Kentucky Lake Motor Speedway
Paying $990,000, KLMS buyer aims to 'do it right'
By Todd TurnerDirtonDirt.com managing editor
Ronnie Jones long ago was involved in drag racing, and his sons have dabbled in oval racing. But the 65-year-old trucking company owner from Hopkinsville, Ky., realizes he’s about the jump into auto racing with both feet after winning Thursday’s auction to purchase Kentucky Lake Motor Speedway.
“We’ve never been this deep into it, let’s put it like that,” the new track owner said in a phone interview. “This is getting into it.”
Jones and partner James Hale, 66, also of Hopkinsville, signed a contract to pay $990,000 for the 3/8-mile oval and adjoining 317 acres of property in Thursday’s absolute auction hosted by J.P. King Auction Company. The track was sold by Sherri Heckenast and her husband Shayn McMartin; Heckenast purchased the Dwight Greer-built track for $1.62 million at a 2004 auction and promoted special events before closing the track in 2009.
Jones and Hail haven’t operated a dirt track before, and Jones admitted it was on somewhat of a whim upon seeing the auction sign and becoming one of 11 registered bidders for the racetrack that originally opened in 1997.
“We definitely plan on bringing it back as a racetrack,” Jones said of the attractive property at the junction of Interstate 24 and the four-lane Purchase Parkway that many in the racing community were worried might draw a non-racing buyer. The partners “happened to run across this by chance,” Jones said. “We didn’t think we had a snowball’s chance, to be honest with you, but we ended up on the good end of it. And we’re going to make a go of it.”
“We’re going to try to do it right,” Jones added. “Obviously, it’s going to be an adventure.”
Pleased with the auction, McMartin was glad to hear the property, a total of 468 acres that includes concrete-based aluminum grandstands, 14 VIP suites, a restaurant and concession areas, will continue to host racing events.
“It gave me goosebumps when I found out it was going to remain a racetrack,” McMartin told auctioning company publicist Caley Newberry. “We’ve been involved in motorsports for a long time and have friends that are involved in it as well, and we know how important it is to this community. We’re looking forward to kids and families still being able to come here and grow up with the experience the Kentucky Lake Motor Speedway offers.”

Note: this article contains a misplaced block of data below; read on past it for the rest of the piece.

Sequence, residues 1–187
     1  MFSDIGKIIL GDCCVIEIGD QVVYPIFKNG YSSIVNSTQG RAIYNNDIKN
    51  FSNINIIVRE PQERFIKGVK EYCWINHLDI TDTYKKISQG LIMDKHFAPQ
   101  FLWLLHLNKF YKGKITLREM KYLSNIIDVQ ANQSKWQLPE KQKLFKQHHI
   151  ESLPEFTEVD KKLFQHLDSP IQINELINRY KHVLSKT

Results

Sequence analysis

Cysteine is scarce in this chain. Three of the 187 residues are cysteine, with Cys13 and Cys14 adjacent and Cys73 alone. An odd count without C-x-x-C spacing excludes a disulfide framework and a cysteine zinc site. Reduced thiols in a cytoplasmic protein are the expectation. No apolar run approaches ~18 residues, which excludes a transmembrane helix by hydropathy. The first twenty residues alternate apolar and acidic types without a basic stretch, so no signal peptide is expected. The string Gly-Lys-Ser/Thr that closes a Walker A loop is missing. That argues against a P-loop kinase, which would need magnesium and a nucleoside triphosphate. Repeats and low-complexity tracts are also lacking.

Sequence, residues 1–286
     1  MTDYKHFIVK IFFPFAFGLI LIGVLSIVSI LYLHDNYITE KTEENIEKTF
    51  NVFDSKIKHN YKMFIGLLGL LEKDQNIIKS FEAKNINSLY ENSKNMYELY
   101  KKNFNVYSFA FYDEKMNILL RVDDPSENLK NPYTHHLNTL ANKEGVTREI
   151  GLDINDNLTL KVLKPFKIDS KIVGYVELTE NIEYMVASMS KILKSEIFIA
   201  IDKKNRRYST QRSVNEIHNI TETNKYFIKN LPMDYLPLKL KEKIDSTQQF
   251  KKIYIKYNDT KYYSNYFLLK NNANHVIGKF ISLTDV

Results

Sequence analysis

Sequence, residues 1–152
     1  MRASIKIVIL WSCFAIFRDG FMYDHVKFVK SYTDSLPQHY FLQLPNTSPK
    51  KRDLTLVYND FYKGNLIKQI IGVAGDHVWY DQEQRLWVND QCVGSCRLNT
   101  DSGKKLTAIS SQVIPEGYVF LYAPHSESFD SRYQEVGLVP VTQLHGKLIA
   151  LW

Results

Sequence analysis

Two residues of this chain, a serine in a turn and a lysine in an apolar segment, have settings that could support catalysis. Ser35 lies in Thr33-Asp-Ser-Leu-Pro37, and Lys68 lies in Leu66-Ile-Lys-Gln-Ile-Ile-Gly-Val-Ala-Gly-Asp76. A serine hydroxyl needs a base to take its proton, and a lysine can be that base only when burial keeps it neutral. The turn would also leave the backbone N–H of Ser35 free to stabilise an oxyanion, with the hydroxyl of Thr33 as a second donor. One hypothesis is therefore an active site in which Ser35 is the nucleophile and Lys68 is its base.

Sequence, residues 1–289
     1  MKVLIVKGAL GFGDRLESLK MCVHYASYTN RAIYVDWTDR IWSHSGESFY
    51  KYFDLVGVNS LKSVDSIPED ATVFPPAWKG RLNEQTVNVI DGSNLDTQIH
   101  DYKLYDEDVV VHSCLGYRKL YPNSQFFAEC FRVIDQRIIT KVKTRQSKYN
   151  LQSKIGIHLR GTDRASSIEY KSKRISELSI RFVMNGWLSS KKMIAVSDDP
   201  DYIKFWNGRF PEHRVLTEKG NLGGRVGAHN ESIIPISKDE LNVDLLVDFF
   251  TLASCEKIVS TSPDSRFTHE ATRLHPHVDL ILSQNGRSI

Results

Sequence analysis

Few details of the track’s operation have been decided, said Jones, who took a phone call at a bank upon returning to Hopkinsville following the auction at the racetrack, less than an hour’s drive away. Those details should firm up in the coming weeks, including consideration of who will promote and manage KLMS.
Jones said he and Hale would be “hands on,” but that “we have a couple of guys we already talked to in advance and they have a lot of experience, not only running tracks, but with NASCAR connections and stuff like that.”
The partners made two or three visits to the track before the auction, and Jones said he was surprised the long-closed facility was in such good shape with clean bathrooms, concessions and virtually ready-to-race. He said they’d likely replace the frontstretch catchfence, paint many surfaces and repair broken billboards, but otherwise everything — including a racing surface that was often inconsistent — appears to be in good shape.
With just those few improvements, “we could go racing tomorrow,” Jones said, although it will certainly be later in the year at the earliest. “It’s fabulous for a dirt track. They kept calling it the Taj Mahal. I don’t know if it’s the Taj Mahal, but it’s darn sure a Cadillac compared to most places you go.”
Jones, who operates Jones Brothers Towing & Trucking, and Hale, who operates Randolph-Hale Electronics, believe they can successfully operate the track “even though times are tough” economically, Jones said. “Once the economy gets better, I think you’ll see racing of all kinds get better.”
A self-described gearhead, “I’ve always been around (racing),” Jones said. “Like they say, once it gets in your blood, you can’t get rid of it.”
And while he was surprised to find himself the co-owner of a racetrack Thursday, Jones is ready to give it a go.
“I thought it would (auction) for quite a bit more than what it went for,” Jones said. “People are pretty scarce right now as far as spending money. It was a big gamble for us, but we thought it was worth it, so we’re going to try it.”